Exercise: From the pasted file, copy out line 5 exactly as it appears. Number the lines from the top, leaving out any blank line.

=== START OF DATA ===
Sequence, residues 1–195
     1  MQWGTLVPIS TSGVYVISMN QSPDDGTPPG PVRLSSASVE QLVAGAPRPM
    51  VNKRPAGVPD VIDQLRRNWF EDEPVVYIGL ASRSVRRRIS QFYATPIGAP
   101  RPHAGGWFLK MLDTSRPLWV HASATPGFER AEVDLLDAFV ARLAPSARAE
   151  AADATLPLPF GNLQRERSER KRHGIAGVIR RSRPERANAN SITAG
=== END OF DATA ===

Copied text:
   151  AADATLPLPF GNLQRERSER KRHGIAGVIR RSRPERANAN SITAG